Register now for our second Streaming Club session on 27 May 2021, which focuses on environmental racism and spatial injustice in the City of Cape Town, as well as on the mutually reinforcing nature of housing rights and environmental rights.
The streaming club session has two parts:
Part 1 (STREAM): Before 7pm on 27 May, stream the short film Reclaim the City (15 minutes long) in your own homes. The film is made by Street Talk and shares the voices of activists and community members involved in the Reclaim the City movement. It is a powerful illustration of the relationships amongst inequitable distribution of land and housing, and livelihoods and human flourishing.
Part 2 (ENGAGE): Engage with our expert panel via Zoom from 7pm to 8pm about insights arising from the film as well as the recent court victory in the Tafelberg case. To register and get Zoom details, click here.
Members who register can participate in our online competition and win a copy of an incredible book by one of our panelists, Marius Pieterse: Rights-based Litigation, Urban Governance and Social Justice in South Africa: The Right To Joburg. To participate in the competition, you can become a member for as little as R250/R500 (depending on the type of membership).
The panel is made up of three incredible and inspiring experts working in the human rights and social justice space.
From left to right:
Marius Pieterse is a professor in the School of Law at the University of the Witwatersrand, where he mostly teaches constitutional and human rights law. His research focuses on urban governance, local government law and the realisation of socio-economic rights, specifically in an urban context. Marius holds a B2 rating from the National Research Foundation (NRF) of South Africa. He is the author of “Rights-based Litigation, Urban Governance and Social Justice in South Africa: The right to Joburg” (Routledge, 2017); “Can Rights Cure? The Impact of Human Rights Litigation on South Africa’s Health System” (PULP, 2014) as well as a large number of peer reviewed academic journal articles on different aspects of rights-based litigation, socio-economic rights, urban governance, the right to health, the right to equality and the relationship between law and urban space. He is joint global coordinator of the International Research Group of Law and Urban Space (IRGLUS).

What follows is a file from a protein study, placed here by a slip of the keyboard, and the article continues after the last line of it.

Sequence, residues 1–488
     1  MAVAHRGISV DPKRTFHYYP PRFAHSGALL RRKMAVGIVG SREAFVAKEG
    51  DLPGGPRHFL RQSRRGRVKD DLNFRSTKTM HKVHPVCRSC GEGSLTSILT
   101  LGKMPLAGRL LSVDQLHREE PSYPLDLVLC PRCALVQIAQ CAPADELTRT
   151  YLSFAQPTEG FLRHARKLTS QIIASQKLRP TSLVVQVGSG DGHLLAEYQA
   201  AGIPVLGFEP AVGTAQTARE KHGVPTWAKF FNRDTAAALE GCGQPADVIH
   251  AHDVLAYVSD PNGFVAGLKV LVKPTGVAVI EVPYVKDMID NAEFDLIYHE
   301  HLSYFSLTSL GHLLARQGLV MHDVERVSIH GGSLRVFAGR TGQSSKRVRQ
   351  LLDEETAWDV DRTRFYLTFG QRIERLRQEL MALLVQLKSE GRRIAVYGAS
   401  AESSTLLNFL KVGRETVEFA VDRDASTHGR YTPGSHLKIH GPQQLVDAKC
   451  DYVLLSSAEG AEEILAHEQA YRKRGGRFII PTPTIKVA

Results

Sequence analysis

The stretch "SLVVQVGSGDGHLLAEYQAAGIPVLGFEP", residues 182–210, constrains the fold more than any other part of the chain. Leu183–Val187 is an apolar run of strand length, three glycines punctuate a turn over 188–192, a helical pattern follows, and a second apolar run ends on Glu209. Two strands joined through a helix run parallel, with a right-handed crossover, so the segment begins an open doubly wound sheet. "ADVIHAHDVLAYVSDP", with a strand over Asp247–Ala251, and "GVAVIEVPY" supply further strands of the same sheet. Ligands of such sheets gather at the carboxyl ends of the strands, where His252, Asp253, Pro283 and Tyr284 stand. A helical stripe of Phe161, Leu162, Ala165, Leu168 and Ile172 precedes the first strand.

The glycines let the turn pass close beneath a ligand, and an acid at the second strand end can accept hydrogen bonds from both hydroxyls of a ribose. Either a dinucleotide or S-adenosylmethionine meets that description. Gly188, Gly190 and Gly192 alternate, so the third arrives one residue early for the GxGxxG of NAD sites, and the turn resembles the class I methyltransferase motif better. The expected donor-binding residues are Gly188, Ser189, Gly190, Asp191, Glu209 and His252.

Tarryn Cooper-Bell is a Senior Attorney at the Equal Education Law Centre (EELC). The EELC was a friend of the court in the Tafelberg case. Tarryn obtained both her Bachelor of Science degree as well as her LLB from Rhodes University. She trained as a candidate attorney at the Rhodes University Law Clinic where she was involved in general litigation and various other access to justice programmes.After her admission in 2012 she was employed as an associate at the Boksburg based law firm of Malherbe, Rigg & Ranwell Attorneys where she specialised in municipal law. The call towards human rights and social justice however inspired her return to the Rhodes University Law Clinic as an attorney in charge of the advice office programme in early 2014 where she furthered the Law Clinic’s work in the human rights field. She progressed through the ranks to head of legal services for the Grahamstown office and member of the Rhodes University Law Clinic management committee. As an attorney at the Law Clinic, Tarryn was involved in general litigation, LLB student supervision and lecturing of various modules in the LLB Legal Practice course. Tarryn joined the EELC in April 2017 to contribute towards the fight for social justice and equal, quality education for all on a national level.
Mandisa Shandu is a Co-Director and Attorney at Ndifuna Ukwazi (NU). NU is a non-profit activist organisation and law centre that combines litigation, research and community organising in campaigns aimed at advancing urban land justice in Cape Town. The organisation’s primary mission is to expand and protect access to affordable housing and to build a more equal and spatially just city. Mandisa is responsible for leading the organisation’s law centre which she founded in 2015. NU’s law centre offers legal support and representation to individuals, client communities and social movements. Mandisa’s areas of practice support the organisation’s work of advancing urban land justice, including constitutional, property and housing law, and access to basic services. Prior to working at Ndifuna Ukwazi, Mandisa worked as a commercial law attorney at ENSAfrica. She is a University of Cape Town graduate holding a B.Soc.Sci degree in political science and an LLB degree. She is currently pursuing her LLM in Constitutional and Administrative Law at the same institution. Mandisa was announced as one of the Mail and Guardian’s Top 200 Young South Africans in 2016.